Once the heavy job of forking it out of the water is donewe have to get rid of it.  Fortunately we have a place on our property where we can dump it.  If we did not have this space we would have to truck it to the dump and pay for doing so.

I am 75 years old, my wife is 71.  I have Parkinson’s Disease. To get rid of this mess is a big job, as witnessed by the attached photos.  This is not a onetime thing, but rather has to be repeated several times throughout the season.

I remember one member of our Initiative telling me that once he confronted Mr. Whetung about the clean up, he was told that he should just hire some of

Mr. Whetung’s neighbours to do it!  In effect he is running a commercial enterprise, and as such, he should abide by some rules that I’m sure his mother must have taught him, namely one being: clean up after yourself!

The option of just leaving them in the water is not tenable.  It doesn’t take long for the whole thing to turn into stinking, rotting mess right into winter.  In the spring once the ice is gone, we find the lake bottom in front of us all covered in the remains of last years mess.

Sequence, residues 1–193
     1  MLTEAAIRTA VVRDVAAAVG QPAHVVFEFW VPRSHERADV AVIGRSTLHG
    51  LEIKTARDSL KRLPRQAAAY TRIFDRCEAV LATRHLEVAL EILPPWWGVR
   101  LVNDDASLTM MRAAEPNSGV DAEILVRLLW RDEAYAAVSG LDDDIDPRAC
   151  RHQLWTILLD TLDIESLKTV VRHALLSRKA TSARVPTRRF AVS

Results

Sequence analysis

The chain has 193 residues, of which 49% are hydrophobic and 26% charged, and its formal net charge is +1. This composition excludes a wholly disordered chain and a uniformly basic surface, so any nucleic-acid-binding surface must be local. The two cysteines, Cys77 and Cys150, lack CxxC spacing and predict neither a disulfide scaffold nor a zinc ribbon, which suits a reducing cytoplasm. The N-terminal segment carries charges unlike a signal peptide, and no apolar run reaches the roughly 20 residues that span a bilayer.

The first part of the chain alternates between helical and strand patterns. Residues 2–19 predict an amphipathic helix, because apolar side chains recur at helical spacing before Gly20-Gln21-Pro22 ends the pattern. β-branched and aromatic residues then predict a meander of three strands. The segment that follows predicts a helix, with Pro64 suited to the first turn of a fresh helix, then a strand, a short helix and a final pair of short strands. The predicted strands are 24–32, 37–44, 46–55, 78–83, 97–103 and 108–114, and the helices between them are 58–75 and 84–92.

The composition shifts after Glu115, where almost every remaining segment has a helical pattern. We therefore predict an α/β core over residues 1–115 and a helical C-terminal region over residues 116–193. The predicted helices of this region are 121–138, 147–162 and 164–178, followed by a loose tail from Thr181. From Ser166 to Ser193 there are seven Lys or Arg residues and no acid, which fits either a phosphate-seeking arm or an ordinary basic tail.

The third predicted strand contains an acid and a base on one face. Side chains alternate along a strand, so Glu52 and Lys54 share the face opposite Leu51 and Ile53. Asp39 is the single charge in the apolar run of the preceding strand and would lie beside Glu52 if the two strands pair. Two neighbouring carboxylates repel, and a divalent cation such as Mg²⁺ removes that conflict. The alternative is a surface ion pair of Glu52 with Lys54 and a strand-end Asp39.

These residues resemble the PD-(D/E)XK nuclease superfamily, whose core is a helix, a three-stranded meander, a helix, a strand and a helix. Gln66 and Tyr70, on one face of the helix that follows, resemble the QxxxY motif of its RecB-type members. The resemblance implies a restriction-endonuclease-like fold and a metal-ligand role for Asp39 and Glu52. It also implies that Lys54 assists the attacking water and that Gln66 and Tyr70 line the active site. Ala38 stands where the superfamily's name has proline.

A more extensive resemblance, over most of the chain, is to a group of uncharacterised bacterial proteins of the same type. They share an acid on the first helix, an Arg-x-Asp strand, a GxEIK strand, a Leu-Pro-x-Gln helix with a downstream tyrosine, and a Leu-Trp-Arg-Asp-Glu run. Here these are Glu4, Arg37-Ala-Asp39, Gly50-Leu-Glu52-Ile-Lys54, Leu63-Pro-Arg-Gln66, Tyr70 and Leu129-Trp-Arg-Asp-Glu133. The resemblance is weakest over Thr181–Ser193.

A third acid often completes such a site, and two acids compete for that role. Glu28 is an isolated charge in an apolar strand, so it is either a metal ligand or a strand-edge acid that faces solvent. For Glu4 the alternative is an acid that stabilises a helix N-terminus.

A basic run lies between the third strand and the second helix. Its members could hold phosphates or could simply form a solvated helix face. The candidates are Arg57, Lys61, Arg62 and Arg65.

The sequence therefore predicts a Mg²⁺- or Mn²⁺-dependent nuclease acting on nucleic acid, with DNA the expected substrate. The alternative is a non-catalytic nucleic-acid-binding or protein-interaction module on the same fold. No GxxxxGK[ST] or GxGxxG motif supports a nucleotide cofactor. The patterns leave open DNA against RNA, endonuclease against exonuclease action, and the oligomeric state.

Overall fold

He is running a commercial business, Black Duck Wild Rice, and by all indications not very well.  He is a one man show, concentrating on playing in the mess he’s creating on the waters, making it very unpleasant for the rest of us.

Pat and I are not by a long shot the only ones affected by this man’s behaviour.

May I referr you to the “Save Pidgeon Lake” web site www.savepigeonlake.com

 

Mr. Larry Wood, Spokesperson for the “Save Pigeon lake Initiative” has been in touch with all levels of Government since 2011, without any success in gaining help regarding this problem.  When contacted, Hon. Maryam Monsef, our MP has shown little interest.  I’m afraid Mr. Whetung’s attitude does not bode well for the Reconcilliation Process underway in Canada at this very moment.

 

It is for this reason I am writing you now, to respectfully appeal to you to put some weight of your office onto this matter.

 

Thank you for your consideration.

 

Yours Sincerely,

Richard Lange

Member – Save Pigeon Lake Initiative

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Reconciliation with Williams Treaty First Nations – Is it Possible?